4 UI Training Tips

Do you need a workshop focused on UI design basics? Email us at info@uiuxtraining.com.

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In 6 UX Design Training Tips we focused on deliverables and understanding the user’s motivation. In this post about UI Training, we concentrate on design thinking, information architecture, and basic UI design principles.

UI Training Tip #1: Design Thinking

Design thinking has rapidly come to dominate product and software design at leading companies like Google, Apple, Netflix, and Airbnb. Author Jackie Dove describes design thinking basics in What Is Design Thinking, and How Can SMBs Accomplish It?

While there are many approaches to design thinking, the Stanford d.school established the steps followed by many organizations:

As with nearly any design process, iteration is key. A single prototype followed by a test will not solve all problems and might not even solve the main problem identified in the definition stage explained above. Design thinking offers teams the flexibility to review, iterate, and re-test as needed without following a rigid and time-consuming protocol.

UI Training Tip #2: Insights into Information Architecture

Why discuss information architecture (I/A) in a post about UI training? Because even though I/A and UI design are not the same, they are closely related. When UI designers take the time to make sense of their content, they are issuing an invitation to users along these lines: “Step through any of these doors to find information relevant to your interests.”

In Information architecture: a UX designer’s guide, the industry leaders at Just In Mind offer an information architecture tutorial. They begin by describing three frames that can be used for the I/A:

Next is the labeling system, what each segment of a site or app is called. For example, “Contacts,” “Products.” The frame and labeling make up the navigation system. The author has an interesting take on navigation:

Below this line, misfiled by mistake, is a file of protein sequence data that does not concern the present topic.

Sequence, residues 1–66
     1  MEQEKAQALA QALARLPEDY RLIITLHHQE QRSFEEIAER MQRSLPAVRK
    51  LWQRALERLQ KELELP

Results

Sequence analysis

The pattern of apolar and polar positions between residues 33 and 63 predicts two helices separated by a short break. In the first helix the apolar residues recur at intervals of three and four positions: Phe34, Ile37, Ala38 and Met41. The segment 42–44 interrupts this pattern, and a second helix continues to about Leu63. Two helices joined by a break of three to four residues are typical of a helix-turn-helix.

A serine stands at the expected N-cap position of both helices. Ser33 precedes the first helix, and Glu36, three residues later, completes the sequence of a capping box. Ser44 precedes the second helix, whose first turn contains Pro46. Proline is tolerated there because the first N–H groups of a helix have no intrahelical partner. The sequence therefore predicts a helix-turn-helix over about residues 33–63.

Your navigation system should, in a way, be the opposite of your content. You want rich content that can be complex as long as it’s useful and enjoyable to the user. Your navigation system should always be as simple and as straightforward as possible, while still getting the user to any possible desired information.

The final piece of the I/A is search. While nearly everyone is familiar with search, the author emphasizes the “search zone — making sure that the search bar presents users only with a certain type of content.” The point is to avoid a search so wide in scope that it returns meaningless results.

UI Training Tip #3: Basic Design Principles

In The 7 Principles of Design Applied to Websites Jennifer Kaplan concisely explains balance, contrast, emphasis, movement, repetition, hierarchy, and unity. Certainly, seasoned designers apply these principles in their daily work.

It never hurts, however, to review the basics and examine our own design practices. Perhaps, we’re convinced that our creations are harmonious, the result of a well-thought-out unified design. Yet, a critical look might draw our attention to a misplaced element or something out of balance (one of the seven basic design principles).

Furthermore, reviewing the basics is an effective way to consider how to explain design decisions to colleagues and stakeholders who might not have extensive design background.

Finally, senior designers who serve as mentors might wish to begin with basic design principles as they explain the reasoning behind the organization’s design patterns and decisions.

UI Training Tip #4: Desirable Difficulty

ui training desirable difficulty

In Difficulty Is Not A UX Dirty Word Roxanne Abercrombie explains desirable difficulty: “It refers to a ‘just right’ level of difficulty: not so hard as to be unattainable; not so easy as to be mindless. The belief is that this difficulty Goldilocks zone improves learning capacity and leads to improved engagement.” For example, researchers have demonstrated that users retain a higher percentage of what they read when the font is hard to read.

The point is to encourage users to engage deeply. Certainly, increasing difficulty violates basic UX principles. Under the right circumstances, however, desirable difficulty can lead to “a more cognitively engaged user experience with mindful interface interaction.”

UX and UI designers refer to this phenomenon as intentional friction. In UX and UI design, the purpose of intentional friction is ensure that users understand the consequences of deleting files, handling sensitive health data, or completing a large financial transaction.

For those seeking informal UI training, this article shows when and how to apply appropriate design techniques to intentionally increase friction and avoid serious errors such as users inadvertently deleting all of their files.

Contact UI UX Training

Do you need a workshop focused on UI design basics? Email us at info@uiuxtraining.com.